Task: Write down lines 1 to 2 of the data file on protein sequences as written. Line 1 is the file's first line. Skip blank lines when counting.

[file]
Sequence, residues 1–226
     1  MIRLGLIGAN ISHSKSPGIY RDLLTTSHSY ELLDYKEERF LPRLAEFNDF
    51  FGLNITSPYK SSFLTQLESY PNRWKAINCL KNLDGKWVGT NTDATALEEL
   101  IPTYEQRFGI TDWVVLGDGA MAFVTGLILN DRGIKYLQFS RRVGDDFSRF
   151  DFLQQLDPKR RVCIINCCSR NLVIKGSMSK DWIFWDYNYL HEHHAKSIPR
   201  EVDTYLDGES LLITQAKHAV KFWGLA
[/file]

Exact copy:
Sequence, residues 1–226
     1  MIRLGLIGAN ISHSKSPGIY RDLLTTSHSY ELLDYKEERF LPRLAEFNDF